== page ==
Editor's Note: This story mentions a COVID-19 test developed by San Dimas, CA-based Curative Inc., not to be confused with Santa Clara, CA-based Curative Medical Inc., a manufacturer that specializes in cardiopulmonary devices.
As of Tuesday, 310 COVID-19 tests and sample collection devices are authorized by FDA under emergency use authorizations. These include 235 molecular tests and sample collection devices, 64 antibody tests, and 11 antigen tests. There are 32 molecular authorizations that can be used with home-collected samples. There is one molecular prescription at-home test, one antigen prescription at-home test, and one over-the-counter at-home antigen test.
But as we have learned during the pandemic, not all COVID-19 tests are created equal. Over 200 COVID-19 tests are on FDA's removal lists of tests that should no longer be used and/or distributed for COVID-19. Other tests remain on the market but have been flagged by FDA for potential inaccurate results.
Most recently, FDA alerted patients and healthcare providers Monday of the risk of false negative results with the Curative SARS-Cov-2 test. The test is made by San Dimas, CA-based Curative Inc., a startup that reportedly processes about 150,000 saliva samples daily and has a $42 million Department of Defense contract to supply its COVID-19 test kits to military treatment facilities.
False negative COVID-19 test results put patients at risk of delayed treatment, lack of symptom monitoring, and it increases the risk of an infected patient unknowingly spreading the virus to others.
To reduce the risk of false negative results, FDA urged healthcare providers to perform the test in accordance with its authorization and as described in the authorized labeling. When the test is not performed in accordance with its authorization or as described in the authorized labeling, there is a greater risk that the results of the test may not be accurate, the agency said.
FDA recommends healthcare providers consider retesting patients using a different test if they suspect an inaccurate result was given recently by the Curative test. If testing was performed more than two weeks ago, and there is no reason to suspect the patient is currently infected by the virus, it is not necessary to retest. Patients are encouraged to talk to their healthcare provider if they think they were tested with the Curative test. FDA noted that the test name is displayed on this test’s authorized fact sheets, which are supposed to be provided with test result reports.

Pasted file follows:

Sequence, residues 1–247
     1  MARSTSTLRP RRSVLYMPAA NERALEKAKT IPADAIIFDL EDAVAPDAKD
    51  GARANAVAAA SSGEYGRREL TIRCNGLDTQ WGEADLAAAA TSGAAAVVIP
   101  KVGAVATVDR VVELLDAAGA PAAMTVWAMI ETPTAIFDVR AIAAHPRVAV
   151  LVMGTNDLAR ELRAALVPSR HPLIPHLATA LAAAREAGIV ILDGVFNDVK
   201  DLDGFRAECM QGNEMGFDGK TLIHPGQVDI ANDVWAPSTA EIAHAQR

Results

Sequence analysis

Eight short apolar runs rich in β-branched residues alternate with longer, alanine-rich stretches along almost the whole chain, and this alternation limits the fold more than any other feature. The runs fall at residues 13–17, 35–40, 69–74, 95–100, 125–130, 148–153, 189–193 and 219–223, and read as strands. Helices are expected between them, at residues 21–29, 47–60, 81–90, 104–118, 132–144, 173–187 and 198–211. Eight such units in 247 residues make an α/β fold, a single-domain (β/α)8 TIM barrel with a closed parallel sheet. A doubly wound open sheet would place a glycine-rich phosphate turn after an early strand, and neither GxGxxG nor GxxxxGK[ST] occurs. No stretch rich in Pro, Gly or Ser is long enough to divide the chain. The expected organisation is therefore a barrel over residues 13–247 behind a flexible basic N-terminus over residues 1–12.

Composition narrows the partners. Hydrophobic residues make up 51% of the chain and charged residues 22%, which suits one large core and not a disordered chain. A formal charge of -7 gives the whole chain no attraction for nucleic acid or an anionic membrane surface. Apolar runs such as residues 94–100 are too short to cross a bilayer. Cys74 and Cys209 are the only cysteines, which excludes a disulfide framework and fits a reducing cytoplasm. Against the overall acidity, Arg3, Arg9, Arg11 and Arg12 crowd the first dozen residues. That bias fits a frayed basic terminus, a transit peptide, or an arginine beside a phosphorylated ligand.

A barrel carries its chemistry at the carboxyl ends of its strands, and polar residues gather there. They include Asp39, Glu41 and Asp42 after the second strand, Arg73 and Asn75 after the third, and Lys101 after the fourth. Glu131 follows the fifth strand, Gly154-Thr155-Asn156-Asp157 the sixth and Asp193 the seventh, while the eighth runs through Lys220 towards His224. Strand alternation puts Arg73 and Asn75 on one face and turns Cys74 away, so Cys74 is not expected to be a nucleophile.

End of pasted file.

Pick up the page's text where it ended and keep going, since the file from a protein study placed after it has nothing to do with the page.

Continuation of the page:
The Curative SARS-Cov-2 assay is a real-time RT-PCR test used to detect SARS-CoV-2, the virus that causes COVID-19. This test is authorized for prescription-only use. The test is performed by collecting a throat swab, nasopharyngeal swab, nasal swab, or oral fluid specimen. The specimen is then processed by KorvaLabs, a CLIA-certified laboratory that Curative acquired last May, and results are returned to the patient. Consistent with the test's authorization summary, negative results for SARS-CoV-2 RNA from oral fluid specimens should be confirmed by testing of another specimen type authorized for use with this test if clinically indicated, FDA noted.
Like many diagnostics companies providing COVID-19 tests, Curative has grown remarkably fast and didn't even exist a year ago, as the LA Business Journal noted in a report published Monday. According to that report, Curative processes about 150,000 saliva samples daily, and has about 2,600 employees and three laboratories. The company is also helping to deliver and administer Moderna's COVID-19 vaccine to nursing homes, the newspaper reported.
Curative's test is not the only one FDA has flagged for potential inaccurate results. In September the agency issued a broader warning about the potential for false positive results associated with all antigen tests used for rapid detection of the virus. Antigen tests are an important tool in the overall response against COVID-19 and benefit public health because they can provide results in minutes, FDA said, but they are usually not as sensitive as molecular tests. Due to the potential for decreased sensitivity compared to molecular assays, negative results from an antigen test may need to be confirmed with a molecular test prior to making treatment decisions.
As MD+DI reported in August, FDA has also warned of a risk of inaccurate results with Thermo Fisher Scientific's TaqPath COVID-19 combo kit based on two issues related to the test kit and the associated Applied Biosystems COVID-19 Interpretive Software. That test is a molecular assay for the detection of COVID-19 from respiratory specimens. The first issue has to do with inadequate vortexing and centrifugation of RT-PCR reaction plates, and Thermo Fisher has since updated its instructions to reduce that risk. The second issue involved the assay Internal Positive Control and required laboratory staff to upgrade their software to reduce the risk of invalid, potential false negatives, or inconclusive tests.
FDA also alerted clinical laboratory staff and healthcare providers in July of an increased risk of false positive results with BD SARS-CoV-2 reagents for the BD Max System test. That test is only authorized for use in CLIA-certified laboratories, and the agency said it was working with the manufacturer, Becton, Dickinson and Company, to resolve the issue.